Case Study: How Small Business PrintedArt Uses Linux and Open Source


Sure, Linux is great for big organizations like Google, Facebook, and others, but what about small business? Take a look at PrintedArt. Founded in 2010, PrintedArt is an online shop that sells limited-editions of fine art photography. It now has three full-time and three part-time employees and eight sales representatives. According to President and CEO Klaus Sonnenleiter, Linux and open source play a number of roles in the company’s success.

“We started with CentOS initially and our Web service is still run by CentOS,” Sonnenleiter explains. “Our internal infrastructure is mostly Ubuntu server.” He says the company is considering moving its Web server to Ubuntu, too, to simplify maintenance. is a Drupal site, but Sonnenleiter says that several other content management systems were also evaluated. “Before settling on Drupal, we went through a major evaluation shoot-out between the different CMS options,” he explains. “After looking at a fairly large number of options, Joomla, Drupal, Alfresco and Typo3 became the ‘finalists’.”

Drupal came out on top because of its layered API that lets PrintedArt plug into any place of the event model and create their own integrations and modules. “Aside from our own modules, we use mostly a standard line-up of relatively popular modules,” Sonnenleiter says. Image modules, including ImageAPI and ImageCache, are particularly important for the site, as are Views and the Taxonomy modules. Ubercart, the free, open source e-commerce shopping cart module, is also a core part of the PrintedArt system.

Sonnenleiter says that in most cases the company creates their own modules rather than customizing existing code, with the exception of attribute-based pricing in Ubercart. “In its current form, it is limited to substitutions and additions, which are typical for product attributes that cover minor tweaks to a product,” he explains. “For our model, we needed more complex price formulas that support prices being recalculated based on a dynamically generated item size in combination with the material chosen by the customer. There is unfortunately no clean way to plug into an API for this, so we reluctantly chose instead to create a patch that we apply to each new release of the uc_attribute module.”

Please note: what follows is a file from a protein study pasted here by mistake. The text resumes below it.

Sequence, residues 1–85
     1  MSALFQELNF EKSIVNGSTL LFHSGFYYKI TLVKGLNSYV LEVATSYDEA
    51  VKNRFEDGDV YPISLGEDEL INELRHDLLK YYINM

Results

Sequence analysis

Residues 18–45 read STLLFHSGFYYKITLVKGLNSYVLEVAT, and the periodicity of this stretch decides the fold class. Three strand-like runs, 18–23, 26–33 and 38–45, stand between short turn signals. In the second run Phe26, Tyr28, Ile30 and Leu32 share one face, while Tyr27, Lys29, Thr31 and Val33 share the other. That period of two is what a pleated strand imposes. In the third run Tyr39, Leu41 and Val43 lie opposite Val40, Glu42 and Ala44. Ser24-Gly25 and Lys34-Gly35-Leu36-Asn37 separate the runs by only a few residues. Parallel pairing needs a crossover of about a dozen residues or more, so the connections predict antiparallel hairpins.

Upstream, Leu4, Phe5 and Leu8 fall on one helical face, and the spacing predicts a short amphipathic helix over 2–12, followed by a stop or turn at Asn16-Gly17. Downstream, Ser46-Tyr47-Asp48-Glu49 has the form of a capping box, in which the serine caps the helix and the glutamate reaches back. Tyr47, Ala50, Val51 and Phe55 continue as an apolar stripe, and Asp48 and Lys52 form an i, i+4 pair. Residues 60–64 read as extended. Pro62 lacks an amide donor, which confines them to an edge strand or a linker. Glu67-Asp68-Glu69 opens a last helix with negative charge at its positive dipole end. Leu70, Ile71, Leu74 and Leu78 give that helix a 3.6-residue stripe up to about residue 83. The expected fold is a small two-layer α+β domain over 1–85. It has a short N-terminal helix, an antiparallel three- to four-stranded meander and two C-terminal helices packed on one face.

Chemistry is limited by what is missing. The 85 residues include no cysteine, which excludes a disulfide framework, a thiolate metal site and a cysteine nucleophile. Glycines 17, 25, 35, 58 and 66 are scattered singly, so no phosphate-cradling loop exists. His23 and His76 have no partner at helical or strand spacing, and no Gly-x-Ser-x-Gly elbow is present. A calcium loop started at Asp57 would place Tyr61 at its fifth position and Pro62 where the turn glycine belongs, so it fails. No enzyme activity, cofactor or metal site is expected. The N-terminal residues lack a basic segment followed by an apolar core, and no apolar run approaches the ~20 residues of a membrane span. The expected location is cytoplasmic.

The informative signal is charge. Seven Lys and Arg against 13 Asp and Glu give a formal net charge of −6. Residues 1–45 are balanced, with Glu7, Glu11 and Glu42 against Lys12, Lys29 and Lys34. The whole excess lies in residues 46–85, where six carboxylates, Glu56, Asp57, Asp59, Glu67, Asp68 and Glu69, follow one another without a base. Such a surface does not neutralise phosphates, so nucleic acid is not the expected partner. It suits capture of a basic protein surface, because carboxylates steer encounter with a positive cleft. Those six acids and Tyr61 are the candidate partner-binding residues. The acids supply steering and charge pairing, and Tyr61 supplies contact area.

Using Git for Drupal Deployment

With limited resources, PrintedArt’s complex Drupal infrastructure can present maintenance challenges. “We needed to choose between investing far more than we were comfortable with into day-to-day IT infrastructure work, or setting up a system that is rigid enough to allow a simple process without limiting us too much,” Sonnenleiter says. “We found a good compromise through the use of Git as our deployment tool.”

Although it might not be the original use case for Git, using it as a distributed repository for everything – including code, metadata, and files needed for the system to work – provides the fix PrintedArt needed.

“We maintain dev, staging, test, and deployment branches of the entire system, and thus we are able to bootstrap a fresh system within less than half an hour – whether it is for testing new functionality, verifying that no regression has occurred, or for disaster recovery,” Sonnenleiter explains.

In addition to free and open source solutions, PrintedArt does use some commercial tools, too, such as page layout tools. “We use Apple’s iWork suite of office products and we use a fairly large number of image manipulation tools, including open source and commercial applications – Lightroom, iPhoto, Pixelmator, HDR Darkroom, GIMP, HQPhotoEnlarger, and many more,” Sonnenleiter notes. He says that the right tool is determined on a case by case basis, with functionality as the first factor followed by maintenance cost. “Purchase price is really a very minor factor in the cost of maintenance,” he says.

ImageMagick produces all our image derivative formats,” Sonnenleiter says. “We do not publish the original hi-res formats of the images in the collection. Instead, we create resized derivatives using ImageMagick. The same process works when sending images – collection images or customer-supplied ones – into production. ImageMagick creates the file with the proper size and density for the print process from the original we have on file or that was submitted with a print order.”

Open source even runs the phone system at PrintedArt, which uses Asterisk as their voice response unit that routes calls. “Since most of our extensions are remote, we allow all our sales agents to connect via SIP from their extension or to have incoming calls routed to their cell phones,” Sonnenleiter says. “Voice mails are automatically copied to email, and we also use the Asterisk conferencing capabilities as our call bridge.”

Linux by Proxy

And then, of course, there’s Google, which runs PrintedArt’s email, calendar, and other office infrastructure. “In addition, we use Capsule running as a Google App as our CRM,” Sonnenleiter adds. “We also use MailChimp as a Google app, and we are evaluating Producteev as our project and todo-list manager.”

Open source gives PrintedArt the advantage of being able to customize things the way the company needs them, Sonnenleiter explains. “It’s not a way to get cheap software, since the purchase price is almost always a very minor factor in the cost of running a complex software system,” he says.

The hidden cost of maintaining the system and making sure it runs correctly is a bigger issue for the company. “Asterisk, for example, has run in my basement for many years without creating any maintenance overhead, whereas any of the phone systems I have used in the past all needed constant attention.” The fact that Asterisk is also open source and available without an initial investment just makes it even more appealing.